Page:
Microsoft CEO Steve Ballmer sought to justify to financial analysts the losses from the company's online services group and to defend plans for increasing investment in the group.
Ballmer stepped in to speak for Kevin Johnson on Thursday at the company's annual financial analysts meeting. Johnson has been president of the Platforms and Services division, and his plans to leave the company to serve as CEO of Juniper Networks became public on Wednesday.
"I wanted to make sure that people making announcements in our online business were actually going to be here in three weeks," Ballmer joked. "We wish Kevin the best at his new assignment at Juniper."
Johnson has been head of Microsoft's online business, which recently reported a US$488 million loss in operating income for the fourth quarter, more than double the $210 million operating loss the division saw last year.
That loss is insignificant when examined in light of the division's potential, Ballmer argued. "This year our [online services business] loss was about 5 percent of our operating income, and yet the amount of economic value we might create ... is 40, 50, even 60 percent or more of our total economic value," he said.
The amount of investment that Microsoft plans to plow into online services is relatively small from an overall company standpoint and will offer a real opportunity to grow the company's market value, he said. "I think it's a very good risk return," he said.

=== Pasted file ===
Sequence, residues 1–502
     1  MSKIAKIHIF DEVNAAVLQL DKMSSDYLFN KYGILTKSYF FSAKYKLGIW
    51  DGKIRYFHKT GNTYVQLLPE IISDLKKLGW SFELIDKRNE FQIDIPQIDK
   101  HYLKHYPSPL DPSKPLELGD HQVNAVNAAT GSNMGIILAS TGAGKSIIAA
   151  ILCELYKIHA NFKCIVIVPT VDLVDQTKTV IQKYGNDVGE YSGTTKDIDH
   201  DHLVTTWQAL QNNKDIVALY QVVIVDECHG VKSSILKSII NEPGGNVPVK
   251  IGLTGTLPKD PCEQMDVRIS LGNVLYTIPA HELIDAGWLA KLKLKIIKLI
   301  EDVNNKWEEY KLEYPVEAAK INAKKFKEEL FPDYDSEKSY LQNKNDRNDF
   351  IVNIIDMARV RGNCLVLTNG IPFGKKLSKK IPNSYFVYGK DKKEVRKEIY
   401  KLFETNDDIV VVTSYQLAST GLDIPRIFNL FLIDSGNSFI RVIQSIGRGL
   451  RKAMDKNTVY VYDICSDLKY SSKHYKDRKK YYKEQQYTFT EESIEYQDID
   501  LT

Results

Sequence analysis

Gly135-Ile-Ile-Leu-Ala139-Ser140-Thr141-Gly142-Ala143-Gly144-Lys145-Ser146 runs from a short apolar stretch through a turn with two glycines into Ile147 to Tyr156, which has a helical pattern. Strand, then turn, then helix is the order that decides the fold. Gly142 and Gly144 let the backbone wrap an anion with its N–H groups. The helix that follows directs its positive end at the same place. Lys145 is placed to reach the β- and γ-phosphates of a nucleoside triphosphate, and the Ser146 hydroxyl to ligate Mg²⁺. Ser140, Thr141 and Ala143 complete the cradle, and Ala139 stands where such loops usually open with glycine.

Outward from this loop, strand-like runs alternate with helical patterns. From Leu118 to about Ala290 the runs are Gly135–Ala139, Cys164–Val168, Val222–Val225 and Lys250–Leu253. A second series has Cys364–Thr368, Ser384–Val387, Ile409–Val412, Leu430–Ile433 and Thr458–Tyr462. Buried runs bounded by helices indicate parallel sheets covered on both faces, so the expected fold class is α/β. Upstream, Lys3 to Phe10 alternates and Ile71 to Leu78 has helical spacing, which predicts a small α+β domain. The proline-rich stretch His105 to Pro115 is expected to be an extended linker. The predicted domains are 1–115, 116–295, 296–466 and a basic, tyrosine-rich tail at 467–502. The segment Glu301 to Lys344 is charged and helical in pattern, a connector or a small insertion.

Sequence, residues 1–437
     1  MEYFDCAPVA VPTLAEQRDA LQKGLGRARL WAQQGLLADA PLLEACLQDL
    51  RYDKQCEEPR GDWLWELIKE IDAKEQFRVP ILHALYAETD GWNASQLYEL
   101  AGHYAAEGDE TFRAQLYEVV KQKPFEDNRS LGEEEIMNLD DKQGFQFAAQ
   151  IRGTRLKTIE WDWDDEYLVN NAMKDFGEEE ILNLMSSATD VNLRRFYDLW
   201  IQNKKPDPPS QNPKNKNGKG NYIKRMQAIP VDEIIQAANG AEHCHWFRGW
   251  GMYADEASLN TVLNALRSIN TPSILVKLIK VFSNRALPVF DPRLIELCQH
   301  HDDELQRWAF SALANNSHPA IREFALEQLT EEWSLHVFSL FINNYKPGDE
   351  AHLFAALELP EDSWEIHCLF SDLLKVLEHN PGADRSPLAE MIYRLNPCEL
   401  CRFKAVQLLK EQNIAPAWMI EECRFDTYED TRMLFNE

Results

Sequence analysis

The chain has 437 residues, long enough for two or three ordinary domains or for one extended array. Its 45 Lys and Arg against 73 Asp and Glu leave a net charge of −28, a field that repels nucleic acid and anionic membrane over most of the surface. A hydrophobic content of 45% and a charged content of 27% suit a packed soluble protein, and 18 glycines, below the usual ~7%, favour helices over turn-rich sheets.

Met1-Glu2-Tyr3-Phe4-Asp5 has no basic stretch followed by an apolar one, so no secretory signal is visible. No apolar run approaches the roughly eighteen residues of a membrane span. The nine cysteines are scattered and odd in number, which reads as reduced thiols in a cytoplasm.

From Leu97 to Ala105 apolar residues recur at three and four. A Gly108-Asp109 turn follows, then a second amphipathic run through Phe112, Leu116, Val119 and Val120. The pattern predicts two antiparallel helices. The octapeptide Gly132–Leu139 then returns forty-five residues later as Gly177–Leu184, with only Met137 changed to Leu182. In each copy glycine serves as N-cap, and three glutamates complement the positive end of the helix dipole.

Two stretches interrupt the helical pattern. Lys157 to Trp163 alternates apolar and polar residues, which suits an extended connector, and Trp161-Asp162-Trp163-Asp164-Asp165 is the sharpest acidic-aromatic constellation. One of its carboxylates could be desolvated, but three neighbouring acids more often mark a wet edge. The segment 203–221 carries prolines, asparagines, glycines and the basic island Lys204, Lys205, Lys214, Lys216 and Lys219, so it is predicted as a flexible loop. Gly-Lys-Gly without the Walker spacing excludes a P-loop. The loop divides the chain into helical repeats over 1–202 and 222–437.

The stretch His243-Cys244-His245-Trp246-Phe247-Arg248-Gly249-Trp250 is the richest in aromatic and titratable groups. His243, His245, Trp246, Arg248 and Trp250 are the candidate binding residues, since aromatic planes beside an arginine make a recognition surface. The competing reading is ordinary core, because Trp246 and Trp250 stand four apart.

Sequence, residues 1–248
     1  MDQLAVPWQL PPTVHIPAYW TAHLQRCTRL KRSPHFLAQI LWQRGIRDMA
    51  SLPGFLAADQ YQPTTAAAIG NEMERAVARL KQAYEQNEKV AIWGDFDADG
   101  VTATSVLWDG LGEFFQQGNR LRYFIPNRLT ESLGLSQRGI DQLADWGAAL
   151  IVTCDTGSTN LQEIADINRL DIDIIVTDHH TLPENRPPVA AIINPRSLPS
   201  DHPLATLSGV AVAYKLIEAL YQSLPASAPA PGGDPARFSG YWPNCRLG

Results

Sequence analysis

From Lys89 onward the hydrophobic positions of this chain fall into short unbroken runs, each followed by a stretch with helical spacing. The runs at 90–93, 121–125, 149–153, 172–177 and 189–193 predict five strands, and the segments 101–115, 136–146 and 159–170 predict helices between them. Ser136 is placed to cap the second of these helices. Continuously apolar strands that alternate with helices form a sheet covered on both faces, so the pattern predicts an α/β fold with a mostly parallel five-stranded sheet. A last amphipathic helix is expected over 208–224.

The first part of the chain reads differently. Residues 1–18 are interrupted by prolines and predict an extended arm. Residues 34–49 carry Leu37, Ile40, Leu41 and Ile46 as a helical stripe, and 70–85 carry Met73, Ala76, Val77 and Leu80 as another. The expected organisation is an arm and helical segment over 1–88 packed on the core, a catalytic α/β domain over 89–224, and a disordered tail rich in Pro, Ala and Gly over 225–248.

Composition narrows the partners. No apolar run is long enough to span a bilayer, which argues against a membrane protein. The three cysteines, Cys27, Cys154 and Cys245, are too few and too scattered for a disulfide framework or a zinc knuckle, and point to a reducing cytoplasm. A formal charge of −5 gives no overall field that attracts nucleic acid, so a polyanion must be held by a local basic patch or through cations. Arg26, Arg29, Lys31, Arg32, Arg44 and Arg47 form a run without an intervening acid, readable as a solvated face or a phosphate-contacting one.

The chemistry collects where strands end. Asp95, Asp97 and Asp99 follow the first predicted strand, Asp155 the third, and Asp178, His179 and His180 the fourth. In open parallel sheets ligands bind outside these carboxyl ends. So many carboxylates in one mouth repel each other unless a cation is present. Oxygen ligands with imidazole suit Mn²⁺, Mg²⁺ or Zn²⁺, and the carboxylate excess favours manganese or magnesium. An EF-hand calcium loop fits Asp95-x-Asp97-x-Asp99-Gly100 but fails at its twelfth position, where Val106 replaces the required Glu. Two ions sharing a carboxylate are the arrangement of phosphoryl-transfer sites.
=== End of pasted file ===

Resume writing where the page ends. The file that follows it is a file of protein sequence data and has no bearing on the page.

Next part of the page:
It's unclear even to Ballmer how long the company might have to continue this level of investment in online services. "How long is that going to go on? I'm not sure. But we're going to need to continue to invest until we get greater scale in this business," he said.
Ballmer spoke briefly about the company's discussions, currently on hold, with Yahoo, but seemed to take pains to exclude Yahoo from a short list of companies capable of innovating search. "Google and Microsoft are really the only two companies that can do this," he said, after describing the need for changes in the search market. "This category is ripe for innovation," he said.
Beyond search and advertising, Ballmer also argued that the shift to online services will help Microsoft's enterprise business. As Microsoft begins selling hosted offerings to businesses, it has the opportunity to offer support and service level agreements, for a price. "We see the overall pool of opportunity increasing," he said.
Microsoft has been chasing Google's significant lead in the search business and trying to catch up to other enterprise vendors that are shifting to offering services rather than software.